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Workflow Error Handling

The workflow modeller provides a range of ways you can handle any errors generated in your process, or errors returned from the services you integrate with.

Most workflow tasks let you decide how any errors they encounter will be handled.

There are three options: ignore the error, follow an outgoing sequence flow from the task that generated the error, or throw a BPMN error which can be caught by an error handling sub-process or event. It's also possible to throw errors using the End Error Event.

Note that this error handling relates to error responses returned from activities, not configuration errors in the task itself.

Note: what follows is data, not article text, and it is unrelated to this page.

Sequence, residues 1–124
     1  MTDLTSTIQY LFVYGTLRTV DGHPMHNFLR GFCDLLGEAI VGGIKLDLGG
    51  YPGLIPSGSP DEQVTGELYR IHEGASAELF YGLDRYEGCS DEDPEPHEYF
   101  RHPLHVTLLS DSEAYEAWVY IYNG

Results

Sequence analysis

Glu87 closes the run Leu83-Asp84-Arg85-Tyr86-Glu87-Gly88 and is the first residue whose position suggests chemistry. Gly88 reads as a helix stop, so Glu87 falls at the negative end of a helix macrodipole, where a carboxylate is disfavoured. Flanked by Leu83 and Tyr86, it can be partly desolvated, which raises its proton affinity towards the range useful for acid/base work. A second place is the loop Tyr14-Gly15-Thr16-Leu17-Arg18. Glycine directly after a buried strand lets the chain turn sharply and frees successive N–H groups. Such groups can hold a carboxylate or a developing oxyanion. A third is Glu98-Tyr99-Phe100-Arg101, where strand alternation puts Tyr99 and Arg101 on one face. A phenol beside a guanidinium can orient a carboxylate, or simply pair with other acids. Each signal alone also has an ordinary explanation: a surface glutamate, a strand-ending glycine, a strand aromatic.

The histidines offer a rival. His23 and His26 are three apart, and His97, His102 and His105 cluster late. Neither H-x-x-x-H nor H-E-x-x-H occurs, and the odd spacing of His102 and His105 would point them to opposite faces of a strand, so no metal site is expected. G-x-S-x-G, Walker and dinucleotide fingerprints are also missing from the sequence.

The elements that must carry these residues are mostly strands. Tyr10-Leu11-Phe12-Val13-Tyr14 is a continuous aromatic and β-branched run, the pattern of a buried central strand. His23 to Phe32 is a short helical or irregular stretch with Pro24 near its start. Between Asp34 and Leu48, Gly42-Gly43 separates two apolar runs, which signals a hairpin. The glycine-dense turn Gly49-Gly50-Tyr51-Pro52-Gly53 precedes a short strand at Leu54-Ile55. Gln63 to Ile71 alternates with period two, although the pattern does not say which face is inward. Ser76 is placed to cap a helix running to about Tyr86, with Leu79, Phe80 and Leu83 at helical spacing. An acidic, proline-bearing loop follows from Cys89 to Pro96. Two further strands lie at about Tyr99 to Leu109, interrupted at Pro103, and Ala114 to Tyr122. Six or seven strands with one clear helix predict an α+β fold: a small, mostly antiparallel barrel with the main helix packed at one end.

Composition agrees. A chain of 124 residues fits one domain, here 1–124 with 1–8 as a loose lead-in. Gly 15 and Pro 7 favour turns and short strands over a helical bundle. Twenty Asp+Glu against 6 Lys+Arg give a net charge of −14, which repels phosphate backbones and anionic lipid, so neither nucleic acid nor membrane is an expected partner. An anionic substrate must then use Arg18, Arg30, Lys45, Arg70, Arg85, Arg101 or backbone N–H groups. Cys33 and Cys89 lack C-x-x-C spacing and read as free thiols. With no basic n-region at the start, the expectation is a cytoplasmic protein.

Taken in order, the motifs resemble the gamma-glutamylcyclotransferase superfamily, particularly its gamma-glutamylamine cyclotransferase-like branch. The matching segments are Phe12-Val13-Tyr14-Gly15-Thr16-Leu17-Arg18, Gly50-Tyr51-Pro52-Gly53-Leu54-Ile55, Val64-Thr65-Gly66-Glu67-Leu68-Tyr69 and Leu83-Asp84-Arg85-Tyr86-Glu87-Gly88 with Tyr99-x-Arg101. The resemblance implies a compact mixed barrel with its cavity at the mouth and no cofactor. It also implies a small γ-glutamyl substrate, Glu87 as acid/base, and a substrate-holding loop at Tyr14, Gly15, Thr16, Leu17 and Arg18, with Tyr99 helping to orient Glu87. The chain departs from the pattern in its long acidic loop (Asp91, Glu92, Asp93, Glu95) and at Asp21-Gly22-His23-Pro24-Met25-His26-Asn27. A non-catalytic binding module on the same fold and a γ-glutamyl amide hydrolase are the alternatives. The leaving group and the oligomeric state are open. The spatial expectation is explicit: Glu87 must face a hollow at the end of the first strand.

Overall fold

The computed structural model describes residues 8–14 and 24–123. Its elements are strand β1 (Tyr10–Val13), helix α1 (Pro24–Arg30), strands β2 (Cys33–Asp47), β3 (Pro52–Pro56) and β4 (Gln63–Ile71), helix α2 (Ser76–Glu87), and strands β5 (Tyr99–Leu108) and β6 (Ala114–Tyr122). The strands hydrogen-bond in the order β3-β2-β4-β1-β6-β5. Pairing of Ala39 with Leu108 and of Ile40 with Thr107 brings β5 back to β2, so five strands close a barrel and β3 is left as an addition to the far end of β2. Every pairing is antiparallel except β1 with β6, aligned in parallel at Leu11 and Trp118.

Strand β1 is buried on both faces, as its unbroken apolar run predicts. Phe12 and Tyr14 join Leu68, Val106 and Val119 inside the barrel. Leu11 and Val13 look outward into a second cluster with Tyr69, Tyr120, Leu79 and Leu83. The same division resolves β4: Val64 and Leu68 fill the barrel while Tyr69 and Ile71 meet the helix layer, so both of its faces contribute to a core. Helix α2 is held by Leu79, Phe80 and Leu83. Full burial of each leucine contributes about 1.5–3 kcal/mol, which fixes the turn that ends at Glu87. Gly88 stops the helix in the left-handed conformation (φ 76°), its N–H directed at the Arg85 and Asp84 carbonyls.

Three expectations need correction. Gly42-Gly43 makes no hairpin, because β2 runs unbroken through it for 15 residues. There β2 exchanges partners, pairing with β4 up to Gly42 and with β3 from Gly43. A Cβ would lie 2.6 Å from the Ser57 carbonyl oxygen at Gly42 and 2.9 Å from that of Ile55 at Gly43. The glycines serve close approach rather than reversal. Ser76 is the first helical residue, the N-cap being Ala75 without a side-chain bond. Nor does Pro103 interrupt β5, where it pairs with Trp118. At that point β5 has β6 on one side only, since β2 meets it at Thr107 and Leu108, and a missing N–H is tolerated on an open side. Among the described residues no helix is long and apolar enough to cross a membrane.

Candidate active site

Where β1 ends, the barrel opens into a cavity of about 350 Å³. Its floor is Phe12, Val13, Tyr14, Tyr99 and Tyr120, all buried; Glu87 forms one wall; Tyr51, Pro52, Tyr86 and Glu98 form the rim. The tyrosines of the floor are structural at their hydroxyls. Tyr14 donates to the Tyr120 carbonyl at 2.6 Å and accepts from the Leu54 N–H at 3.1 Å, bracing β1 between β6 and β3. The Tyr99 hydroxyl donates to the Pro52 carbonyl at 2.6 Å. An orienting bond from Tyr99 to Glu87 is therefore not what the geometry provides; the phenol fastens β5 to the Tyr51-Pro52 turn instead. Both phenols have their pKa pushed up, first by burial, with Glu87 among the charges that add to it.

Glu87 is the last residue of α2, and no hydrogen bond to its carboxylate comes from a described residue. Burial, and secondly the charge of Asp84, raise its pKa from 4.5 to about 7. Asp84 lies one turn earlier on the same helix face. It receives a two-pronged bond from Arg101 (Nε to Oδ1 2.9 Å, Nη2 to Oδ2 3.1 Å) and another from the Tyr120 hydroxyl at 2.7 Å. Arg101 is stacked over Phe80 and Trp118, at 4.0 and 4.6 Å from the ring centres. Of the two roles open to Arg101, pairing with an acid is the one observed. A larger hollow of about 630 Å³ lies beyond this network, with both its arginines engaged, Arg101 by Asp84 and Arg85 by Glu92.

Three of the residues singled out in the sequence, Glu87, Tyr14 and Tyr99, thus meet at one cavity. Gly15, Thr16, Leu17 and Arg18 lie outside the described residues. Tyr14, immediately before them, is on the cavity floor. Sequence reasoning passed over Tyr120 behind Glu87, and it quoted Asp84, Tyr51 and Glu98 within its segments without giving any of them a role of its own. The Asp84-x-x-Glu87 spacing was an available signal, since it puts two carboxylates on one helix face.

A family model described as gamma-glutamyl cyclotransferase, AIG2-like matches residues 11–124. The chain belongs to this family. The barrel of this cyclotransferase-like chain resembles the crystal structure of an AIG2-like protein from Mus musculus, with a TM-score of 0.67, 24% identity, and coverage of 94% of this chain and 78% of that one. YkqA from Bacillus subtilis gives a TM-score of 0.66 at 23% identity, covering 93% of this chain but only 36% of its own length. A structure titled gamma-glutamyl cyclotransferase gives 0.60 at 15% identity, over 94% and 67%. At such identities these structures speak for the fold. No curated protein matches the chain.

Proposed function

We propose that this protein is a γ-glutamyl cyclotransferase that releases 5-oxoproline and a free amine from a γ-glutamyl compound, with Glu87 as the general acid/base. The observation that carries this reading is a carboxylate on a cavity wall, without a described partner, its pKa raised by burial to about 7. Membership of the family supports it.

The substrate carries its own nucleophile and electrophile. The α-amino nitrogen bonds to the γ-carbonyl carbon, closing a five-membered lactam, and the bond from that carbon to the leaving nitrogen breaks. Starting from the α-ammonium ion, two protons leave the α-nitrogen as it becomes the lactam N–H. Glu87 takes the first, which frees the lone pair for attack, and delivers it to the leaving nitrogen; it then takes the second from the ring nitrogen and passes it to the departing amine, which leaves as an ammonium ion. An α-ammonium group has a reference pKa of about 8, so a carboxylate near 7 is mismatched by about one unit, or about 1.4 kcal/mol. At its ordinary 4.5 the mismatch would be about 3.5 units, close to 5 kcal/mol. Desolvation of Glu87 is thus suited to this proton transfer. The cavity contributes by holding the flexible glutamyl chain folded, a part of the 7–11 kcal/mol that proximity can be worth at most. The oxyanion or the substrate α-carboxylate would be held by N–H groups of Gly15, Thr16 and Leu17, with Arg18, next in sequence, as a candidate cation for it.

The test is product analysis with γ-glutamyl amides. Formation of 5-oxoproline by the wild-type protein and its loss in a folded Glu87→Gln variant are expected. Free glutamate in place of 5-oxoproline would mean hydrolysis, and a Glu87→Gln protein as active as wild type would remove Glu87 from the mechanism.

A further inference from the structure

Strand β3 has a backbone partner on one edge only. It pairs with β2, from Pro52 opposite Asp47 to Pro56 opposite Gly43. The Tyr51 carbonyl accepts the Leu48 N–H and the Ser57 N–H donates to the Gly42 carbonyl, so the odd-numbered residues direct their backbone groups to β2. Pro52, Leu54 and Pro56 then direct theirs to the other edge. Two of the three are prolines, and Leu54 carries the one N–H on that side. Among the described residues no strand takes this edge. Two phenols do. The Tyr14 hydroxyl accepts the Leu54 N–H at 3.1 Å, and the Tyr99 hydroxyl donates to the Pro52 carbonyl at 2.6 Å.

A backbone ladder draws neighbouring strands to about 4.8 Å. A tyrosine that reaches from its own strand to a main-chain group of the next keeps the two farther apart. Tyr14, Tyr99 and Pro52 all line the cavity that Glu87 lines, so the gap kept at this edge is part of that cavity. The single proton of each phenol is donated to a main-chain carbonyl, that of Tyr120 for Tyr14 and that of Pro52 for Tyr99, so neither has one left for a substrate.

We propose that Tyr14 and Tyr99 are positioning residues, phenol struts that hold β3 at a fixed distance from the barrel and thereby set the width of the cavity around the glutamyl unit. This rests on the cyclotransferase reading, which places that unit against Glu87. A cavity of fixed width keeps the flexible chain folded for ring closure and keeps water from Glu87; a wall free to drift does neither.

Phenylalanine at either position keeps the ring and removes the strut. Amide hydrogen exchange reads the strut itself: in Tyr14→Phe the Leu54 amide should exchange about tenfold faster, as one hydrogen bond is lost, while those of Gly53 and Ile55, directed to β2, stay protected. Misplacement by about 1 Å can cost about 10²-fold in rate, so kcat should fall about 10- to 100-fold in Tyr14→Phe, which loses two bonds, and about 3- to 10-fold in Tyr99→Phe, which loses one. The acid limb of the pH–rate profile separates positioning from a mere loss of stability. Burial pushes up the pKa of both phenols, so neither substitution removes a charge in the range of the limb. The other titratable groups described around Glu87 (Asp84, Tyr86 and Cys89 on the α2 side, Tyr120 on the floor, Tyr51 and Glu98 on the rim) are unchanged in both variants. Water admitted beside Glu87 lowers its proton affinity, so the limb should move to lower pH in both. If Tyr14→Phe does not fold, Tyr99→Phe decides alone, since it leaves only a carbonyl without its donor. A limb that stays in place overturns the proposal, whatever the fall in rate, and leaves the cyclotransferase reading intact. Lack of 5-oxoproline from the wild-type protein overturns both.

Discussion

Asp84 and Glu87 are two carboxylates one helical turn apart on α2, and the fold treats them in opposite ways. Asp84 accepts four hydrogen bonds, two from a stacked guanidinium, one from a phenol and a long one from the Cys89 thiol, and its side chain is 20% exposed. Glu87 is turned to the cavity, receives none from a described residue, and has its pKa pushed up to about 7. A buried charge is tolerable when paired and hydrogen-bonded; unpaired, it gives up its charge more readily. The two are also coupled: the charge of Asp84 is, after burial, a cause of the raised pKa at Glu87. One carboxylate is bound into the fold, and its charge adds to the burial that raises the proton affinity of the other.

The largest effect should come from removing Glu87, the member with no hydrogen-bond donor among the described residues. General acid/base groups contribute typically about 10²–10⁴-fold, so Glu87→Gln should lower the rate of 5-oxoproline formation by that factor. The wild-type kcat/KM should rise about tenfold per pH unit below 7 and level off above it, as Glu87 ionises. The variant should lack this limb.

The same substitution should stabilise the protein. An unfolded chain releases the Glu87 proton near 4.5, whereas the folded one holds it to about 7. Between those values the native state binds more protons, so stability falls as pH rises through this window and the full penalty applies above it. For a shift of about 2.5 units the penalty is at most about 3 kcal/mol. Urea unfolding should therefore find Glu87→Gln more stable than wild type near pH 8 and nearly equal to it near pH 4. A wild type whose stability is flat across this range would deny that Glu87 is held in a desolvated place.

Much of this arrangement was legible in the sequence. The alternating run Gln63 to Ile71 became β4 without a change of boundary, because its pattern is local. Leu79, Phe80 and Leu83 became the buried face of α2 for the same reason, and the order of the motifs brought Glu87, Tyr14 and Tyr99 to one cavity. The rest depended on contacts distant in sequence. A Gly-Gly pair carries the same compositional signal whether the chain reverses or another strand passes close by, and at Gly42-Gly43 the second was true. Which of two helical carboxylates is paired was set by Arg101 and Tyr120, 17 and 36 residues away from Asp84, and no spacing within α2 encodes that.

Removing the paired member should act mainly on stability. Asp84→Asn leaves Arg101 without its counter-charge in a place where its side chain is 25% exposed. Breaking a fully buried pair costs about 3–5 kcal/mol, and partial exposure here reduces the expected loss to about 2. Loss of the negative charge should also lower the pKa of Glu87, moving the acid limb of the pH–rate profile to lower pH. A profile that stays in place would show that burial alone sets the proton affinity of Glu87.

In the following examples there's an API Server task making a call to an iCM End Point. The End Point has been misconfigured and always returns the following error:

{
    "jsonrpc": "2.0",
    "id": 25,
    "result": {
        "id": "_82",
        "error": {
            "message": "Method not found",
            "code": -32601
        },
        "jsonrpc": "2.0"
    }
}

Throwing Errors

By default, tasks ignore any errors they encounter; outgoing sequence flows are followed as if the error hadn't occurred.

Error Handling

Following Error Transitions

In this example the API Server task has a default sequence to follow (to the right) and an additional error sequence flow to handle the error. The Error Handling property has been set to "Follow Error Transition".

Transitional Error Handling